“As a designer who has multiple elderly relatives using walkers to navigate their homes, I can attest to the benefit of flooring that inhibits slipping,” Kaestner declared. “After eliminating throw rugs and floor mats that can actually cause a fall, the next line of defense would be installing non-slip flooring that allows someone to move safely about their dwelling.”
“We always use pull-outs and extra lighting, and we have had requests for handle-less cabinets,” Scruggs commented, adding, “Rounded countertops are a given, and non-slip flooring in wet areas as well. Additionally, we have requests for elevators, and we specify induction cooktops for safety concerns for aging household members, along with grab bars in wet areas.”
Truelock’s clients are definitely looking for long-term living solutions, the San Diego designer noted. “Safety features have been a consideration in the form of nonslip flooring, favoring natural wood or luxury vinyl which can be less slippery and is softer underfoot.”
Harrison pointed out that what’s good for the grandparents is also good for the grandchildren: “I definitely think there has been a shift to non-slip flooring materials like natural stone, matte porcelain/ceramic, concrete, etc. Not only does it help with safety for aging adults, but it also helps those with young kids who sometimes have the same type of issues.”
Houzz says homeowners are choosing high tech appliances (showing a 5-point increase to 44%). Nearly a third of homeowners now choose appliances with Wi-Fi connectivity (30%) and some prefer those controllable via smartphones and tablets (29%), both figures rising by 5 percentage points. Interest in features like touchscreen displays, smart-home connectivity, and built-in apps and cameras has also grown compared to last year.
Ballard reported that all of the fridges he’s specifying have connectivity, 30% of his lighting systems have phone apps and 35% of his kitchen faucets are hands-free. Phone-controlled skylights and window coverings are also going into 10% and 25% of his projects respectively.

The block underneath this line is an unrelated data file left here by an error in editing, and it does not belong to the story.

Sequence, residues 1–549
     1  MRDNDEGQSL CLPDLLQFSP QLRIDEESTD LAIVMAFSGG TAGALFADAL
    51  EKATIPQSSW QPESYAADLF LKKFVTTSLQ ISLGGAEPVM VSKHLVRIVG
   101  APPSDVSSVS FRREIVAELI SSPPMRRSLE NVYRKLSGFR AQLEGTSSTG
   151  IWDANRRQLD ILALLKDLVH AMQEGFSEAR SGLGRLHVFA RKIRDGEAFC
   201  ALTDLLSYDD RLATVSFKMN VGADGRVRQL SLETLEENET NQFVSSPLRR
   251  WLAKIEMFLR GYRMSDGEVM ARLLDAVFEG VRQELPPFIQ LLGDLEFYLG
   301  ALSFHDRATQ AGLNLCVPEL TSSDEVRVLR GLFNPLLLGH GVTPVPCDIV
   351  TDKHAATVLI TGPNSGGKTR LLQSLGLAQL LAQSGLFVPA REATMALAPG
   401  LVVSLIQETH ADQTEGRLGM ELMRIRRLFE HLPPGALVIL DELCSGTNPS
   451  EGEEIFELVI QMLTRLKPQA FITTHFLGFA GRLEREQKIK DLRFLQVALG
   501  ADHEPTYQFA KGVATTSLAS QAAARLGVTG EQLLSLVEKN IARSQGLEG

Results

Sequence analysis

Harrison shared that “Older clients love that their ovens specifically can be controlled by their phones, and have sensors that can be inserted into whatever is cooking. For some, as they age, they lose their sense of smell. Having an appliance that can assist in stopping the potential burning of food (that they’re now unable to detect by scent) is a big plus. It also can serve as a safety feature; no more forgetting to turn off the oven.”
Truelock’s San Diego clientele are also bullish on tech, she commented. “High tech appliances are gaining popularity for remote control, energy monitoring and automated settings.” She pointed to ease of use and the ability to check on meals and food stocks remotely as a benefit. “Overall, the ability for smart tech in the home allows the user convenience and control to make adjustments when they’re away from home.”
Gruver observed that her clients are interested in automation to make their daily tasks easier. “I am seeing our clients place an emphasis on having appliances that can almost be like an assistant. Thermostats that send reminders to change filters onto phones, or leak detectors doing the same thing. Also, refrigerators that can remind you of expiration dates, or even take pictures of the contents inside, have been in higher demand. The smart screens also offer clients an easier way to control their appliances,” she added.
I expect to see more longevity-enhancing features in the 2024 bathroom trends study when it’s released, and in future kitchen reports. None of us is getting any younger and our expectations of what our homes can – and, yes, should do for us – keep growing.